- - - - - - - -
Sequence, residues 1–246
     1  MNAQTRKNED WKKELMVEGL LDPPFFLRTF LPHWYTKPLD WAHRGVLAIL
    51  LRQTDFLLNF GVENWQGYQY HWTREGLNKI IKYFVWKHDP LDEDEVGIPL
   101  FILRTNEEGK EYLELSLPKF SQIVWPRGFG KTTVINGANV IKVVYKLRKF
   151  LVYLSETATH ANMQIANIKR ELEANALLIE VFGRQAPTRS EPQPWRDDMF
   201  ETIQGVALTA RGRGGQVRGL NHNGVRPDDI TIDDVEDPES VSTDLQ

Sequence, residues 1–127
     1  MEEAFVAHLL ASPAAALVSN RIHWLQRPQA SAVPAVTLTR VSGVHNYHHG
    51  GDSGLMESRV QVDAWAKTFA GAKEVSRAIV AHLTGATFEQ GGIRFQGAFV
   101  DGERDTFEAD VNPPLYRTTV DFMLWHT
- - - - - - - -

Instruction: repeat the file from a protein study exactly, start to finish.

Sequence, residues 1–246
     1  MNAQTRKNED WKKELMVEGL LDPPFFLRTF LPHWYTKPLD WAHRGVLAIL
    51  LRQTDFLLNF GVENWQGYQY HWTREGLNKI IKYFVWKHDP LDEDEVGIPL
   101  FILRTNEEGK EYLELSLPKF SQIVWPRGFG KTTVINGANV IKVVYKLRKF
   151  LVYLSETATH ANMQIANIKR ELEANALLIE VFGRQAPTRS EPQPWRDDMF
   201  ETIQGVALTA RGRGGQVRGL NHNGVRPDDI TIDDVEDPES VSTDLQ

Sequence, residues 1–127
     1  MEEAFVAHLL ASPAAALVSN RIHWLQRPQA SAVPAVTLTR VSGVHNYHHG
    51  GDSGLMESRV QVDAWAKTFA GAKEVSRAIV AHLTGATFEQ GGIRFQGAFV
   101  DGERDTFEAD VNPPLYRTTV DFMLWHT